TAGSbeauticianscovid19hair salonsKeeping Limerick PostedlimerickLimerick Post Linkedin LimerickNewsSocial Democrats Councillor Elisa O’Donovan Calls for Greater Support for Beauty and Hair SalonsBy Meghann Scully – May 12, 2020 254 Cllr Elisa O’Donovan, Social Democrats. Photo: Cian ReinhardtSOCIAL Democrats Councillor Elisa O’Donovan is calling on the people of Limerick to support their hairdressers and beauticians by not putting pressure on them to break the Covid-19 social distancing guidelines.“I’ve had a huge number of calls from hairdressers in the last number of days who are coming under huge pressure to do hair from their homes,” the Limerick City West councillor said.Sign up for the weekly Limerick Post newsletter Sign Up “There isn’t a person in Limerick who isn’t dreaming about getting their hair done at the moment, myself included, but health and safety needs to be our primary concern, and asking a hairdresser to go to someone’s home to do their hair puts them, and their families, at risk,” O’Donovan added.“The hairdressers and beauticians I’ve spoken to are desperately worried about how their businesses will survive after the lockdown,“So, when someone contacts them to ask them to do their hair or nails from home, they find it extremely difficult and upsetting to say no.” she explained.Hairdressers are due to re-open on July 20 as part of Phase 4 of the Government’s road mapCllr O’Donovan is asking the people of Limerick to show their solidarity and support by not putting pressure on hairdressers to provide services until it is deemed safe to do so.“We should see our ‘Covid hair’ as a badge of solidarity with everyone who is impacted at this incredibly difficult time,” Cllr. O’Donovan said. Print Limerick Ladies National Football League opener to be streamed live WhatsApp Billy Lee names strong Limerick side to take on Wicklow in crucial Division 3 clash Email Limerick’s National Camogie League double header to be streamed live Advertisement WATCH: “Everyone is fighting so hard to get on” – Pat Ryan on competitive camogie squads Twitter Facebook RELATED ARTICLESMORE FROM AUTHOR Predictions on the future of learning discussed at Limerick Lifelong Learning Festival Previous articleFuneral tribute for the Limerick Garda known as ‘Robocop’Next articleDonkey born during lockdown at The Donkey Sanctuary Ireland has been named ‘Lockie’ Meghann Scully Donal Ryan names Limerick Ladies Football team for League opener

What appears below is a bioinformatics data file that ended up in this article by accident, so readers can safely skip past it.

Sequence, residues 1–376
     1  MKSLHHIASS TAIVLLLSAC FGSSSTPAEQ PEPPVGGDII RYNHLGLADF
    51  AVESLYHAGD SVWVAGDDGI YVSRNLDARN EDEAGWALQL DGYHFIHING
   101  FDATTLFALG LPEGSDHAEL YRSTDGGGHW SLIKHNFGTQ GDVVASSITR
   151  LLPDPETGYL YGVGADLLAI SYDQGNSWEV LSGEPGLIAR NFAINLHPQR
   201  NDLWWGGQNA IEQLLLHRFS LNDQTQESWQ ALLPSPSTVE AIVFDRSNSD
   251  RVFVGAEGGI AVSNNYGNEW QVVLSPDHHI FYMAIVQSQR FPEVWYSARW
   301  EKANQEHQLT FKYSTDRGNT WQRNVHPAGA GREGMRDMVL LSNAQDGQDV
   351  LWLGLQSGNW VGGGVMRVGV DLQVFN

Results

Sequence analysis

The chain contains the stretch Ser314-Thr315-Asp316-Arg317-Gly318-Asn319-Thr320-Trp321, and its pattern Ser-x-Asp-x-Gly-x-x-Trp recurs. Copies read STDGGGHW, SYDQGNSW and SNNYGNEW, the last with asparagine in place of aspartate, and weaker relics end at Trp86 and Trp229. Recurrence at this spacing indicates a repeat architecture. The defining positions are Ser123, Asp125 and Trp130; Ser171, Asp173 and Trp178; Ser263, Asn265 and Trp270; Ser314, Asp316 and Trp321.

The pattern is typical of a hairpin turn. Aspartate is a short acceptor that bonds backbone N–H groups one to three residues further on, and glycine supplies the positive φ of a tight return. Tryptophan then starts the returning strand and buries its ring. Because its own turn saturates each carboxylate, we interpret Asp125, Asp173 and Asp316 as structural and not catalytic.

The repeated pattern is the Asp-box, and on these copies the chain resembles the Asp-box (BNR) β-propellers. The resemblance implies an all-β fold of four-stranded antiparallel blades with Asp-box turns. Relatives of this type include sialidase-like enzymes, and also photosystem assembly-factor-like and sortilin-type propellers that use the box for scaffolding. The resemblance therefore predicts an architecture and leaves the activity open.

KTRK-TV(HOUSTON) — The mother of a four-year-old Houston girl who has been missing for two weeks says she hopes her child is still alive, even as suspicion mounts that her ex-fiance might have had a role in the girl’s murder.“As a mother, I want to hope that she is (still alive),” Brittany Autumn Bowens, 26, told ABC station KTRK-TV in Houston. Her daughter, Maleah Davis, has been missing since May 3. “I’m devastated. This is my daughter, that I carried.”Last Saturday, Texas prosecutors charged Derion Vence, 26, Bowens’ former fiance who was living with the family when Maleah disappeared, with tampering with evidence. In setting bail at $1 million, the Texas judge noted that Davis had recently suffered a brain injury and undergone surgery while in Vence and Bowens’ care.Surveillance footage shows Maleah and Vence walking into the family’s apartment on April 30 — the same day that Bowens left town for her father’s funeral — and after that, Maleah was not seen again, according to KTRK-TV. Additional surveillance footage from a neighbor shows Vence leaving the couple’s apartment on May 3 with his son and a laundry basket.Later, police found a laundry basket in Bowens’ car and cadaver-sniffing dogs detected the scent of human remains in the car.Prosecutors also said that police found blood in the apartment that matched Davis’s DNA.During Vence’s court appearance, prosecutors detailed what Vence had told police about the little girl’s disappearance.Vence said that he left the apartment on May 3 with Maleah and his son in Bowens’ Nissan Altima.When he stopped to check the car’s tires, Vence told police, he was carjacked, assaulted and kidnapped by a group of people he described as Hispanic men. Vence said that when he regained consciousness, his son was with him but Bowens’ daughter was not. He said a good Samaritan then drove him to the hospital, according to prosecutors.Bowen told KTRK that she had been away from home to bury her deceased father, and had returned to find out that her daughter had disappeared.“How did I get to this place?” Bowens said through sobs.When asked why she had left Davis with Vence, she said, “Because I trusted him.”“I am a good mother. I’m hurting just like everybody else and I want answers too,” Bowens said.Copyright © 2019, ABC Radio. All rights reserved.